Lowry started his youth career with Australian club ECU Joondalup. He signed for Aston Villa in February 2005 along with fellow Australian Chris Herd.[3] Lowry made nine appearances for Aston Villa Reserves in the 2006–07 season, mainly coming near the end of the campaign. Lowry was also part of the squad that won the HKFC International Soccer Sevens in May 2007. In June 2007, Lowry signed a 12-month deal to his contract.
Lowry started his youth career with Australian club ECU Joondalup. He signed for Aston Villa in February 2005 along with fellow Australian Chris Herd.[3] Lowry made nine appearances for Aston Villa Reserves in the 2006–07 season, mainly coming near the end of the campaign. Lowry was also part of the squad that won the HKFC International Soccer Sevens in May 2007. In June 2007, Lowry signed a 12-month deal to his contract.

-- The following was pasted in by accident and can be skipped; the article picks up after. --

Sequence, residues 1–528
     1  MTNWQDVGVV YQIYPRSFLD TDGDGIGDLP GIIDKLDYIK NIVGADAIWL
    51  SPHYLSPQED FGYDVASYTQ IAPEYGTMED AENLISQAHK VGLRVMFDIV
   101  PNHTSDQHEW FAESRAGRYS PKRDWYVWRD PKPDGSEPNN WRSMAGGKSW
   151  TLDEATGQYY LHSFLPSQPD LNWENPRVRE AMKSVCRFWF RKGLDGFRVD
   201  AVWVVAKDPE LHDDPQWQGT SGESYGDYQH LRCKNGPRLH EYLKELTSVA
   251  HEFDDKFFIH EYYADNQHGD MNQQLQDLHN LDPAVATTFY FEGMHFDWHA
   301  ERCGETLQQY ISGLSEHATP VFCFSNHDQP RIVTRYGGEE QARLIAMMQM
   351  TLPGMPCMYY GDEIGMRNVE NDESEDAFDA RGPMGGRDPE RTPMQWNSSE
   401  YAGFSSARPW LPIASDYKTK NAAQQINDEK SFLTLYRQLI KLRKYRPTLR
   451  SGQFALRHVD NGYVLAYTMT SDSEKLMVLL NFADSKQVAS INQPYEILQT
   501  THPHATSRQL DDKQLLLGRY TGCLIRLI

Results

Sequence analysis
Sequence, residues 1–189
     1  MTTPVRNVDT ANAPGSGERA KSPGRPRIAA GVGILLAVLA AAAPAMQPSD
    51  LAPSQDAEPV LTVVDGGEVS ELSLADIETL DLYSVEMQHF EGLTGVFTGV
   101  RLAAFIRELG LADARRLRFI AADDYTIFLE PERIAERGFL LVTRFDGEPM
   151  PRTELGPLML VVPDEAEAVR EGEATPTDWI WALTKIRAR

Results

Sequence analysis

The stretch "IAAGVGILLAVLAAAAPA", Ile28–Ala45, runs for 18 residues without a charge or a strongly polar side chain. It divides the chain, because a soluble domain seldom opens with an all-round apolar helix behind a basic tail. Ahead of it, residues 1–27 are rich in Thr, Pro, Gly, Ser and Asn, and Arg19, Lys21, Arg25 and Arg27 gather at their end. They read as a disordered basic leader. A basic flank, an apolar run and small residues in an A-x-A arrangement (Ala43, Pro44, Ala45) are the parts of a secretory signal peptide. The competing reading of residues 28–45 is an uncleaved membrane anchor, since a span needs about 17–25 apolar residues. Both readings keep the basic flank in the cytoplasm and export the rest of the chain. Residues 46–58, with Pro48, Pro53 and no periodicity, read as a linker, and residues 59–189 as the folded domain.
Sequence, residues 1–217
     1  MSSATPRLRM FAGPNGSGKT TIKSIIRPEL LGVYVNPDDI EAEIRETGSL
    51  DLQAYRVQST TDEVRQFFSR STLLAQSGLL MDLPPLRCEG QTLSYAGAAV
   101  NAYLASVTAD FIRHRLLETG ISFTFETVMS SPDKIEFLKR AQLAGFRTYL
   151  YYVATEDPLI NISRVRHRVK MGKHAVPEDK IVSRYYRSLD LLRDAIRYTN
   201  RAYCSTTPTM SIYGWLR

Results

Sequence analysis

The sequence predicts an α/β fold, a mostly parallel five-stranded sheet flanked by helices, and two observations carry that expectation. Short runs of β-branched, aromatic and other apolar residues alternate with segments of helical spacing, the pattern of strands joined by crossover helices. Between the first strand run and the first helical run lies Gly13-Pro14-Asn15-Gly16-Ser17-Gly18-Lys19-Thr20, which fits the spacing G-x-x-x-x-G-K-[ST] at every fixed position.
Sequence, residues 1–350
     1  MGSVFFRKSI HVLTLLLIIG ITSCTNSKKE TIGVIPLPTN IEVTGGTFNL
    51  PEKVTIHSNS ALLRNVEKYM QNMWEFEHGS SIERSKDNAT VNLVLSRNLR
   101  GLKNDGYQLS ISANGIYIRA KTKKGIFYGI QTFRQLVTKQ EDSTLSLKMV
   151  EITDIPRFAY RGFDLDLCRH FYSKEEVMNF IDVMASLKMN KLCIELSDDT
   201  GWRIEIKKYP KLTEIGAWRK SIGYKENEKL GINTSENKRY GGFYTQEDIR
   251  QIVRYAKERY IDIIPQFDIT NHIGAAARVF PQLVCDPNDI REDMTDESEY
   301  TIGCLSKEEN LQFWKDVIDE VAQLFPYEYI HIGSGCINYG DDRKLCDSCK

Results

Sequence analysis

In June 2015, he became the first SMU Mustang to win the NCAA individual championship, recording a score of 280 (−8) to win by one stroke.[3] In August, he won the U.S. Amateur title, defeating Derek Bard 7 & 6 in the 36-hole final. He became the fifth player to win both the NCAA and U.S. Amateur titles in the same year, joining Jack Nicklaus (1961), Phil Mickelson (1990), Tiger Woods (1996), and Ryan Moore (2004).[2] 

BMW Championship: After entering the final round of the BMW Championship in a second-place tie with Jason Day (five strokes behind Marc Leishman), recorded a 4-under 67 to finish T2, his 11th career runner-up on the PGA TOUR. Week was highlighted by a career-best, six consecutive birdies in the first round on Nos. 12-17. Chipped in from 64 feet on the 17th.
Waste Management Phoenix Open: Two weeks after the win in Abu Dhabi, made his eighth consecutive start in the Waste Management Phoenix Open, where he found himself three strokes off the lead after 54 holes. A final-round 4-under 67, capped off by a clutch birdie on the 72nd hole, forced sudden death with Hideki Matsuyama. On the fourth extra hole, the par-4 17th, an errant tee shot found the water hazard for the second time of the day. Matsuyama made par to win. Ranked second in Strokes Gained: Tee To Green and T1 in Strokes Gained: Total at TPC Scottsdale.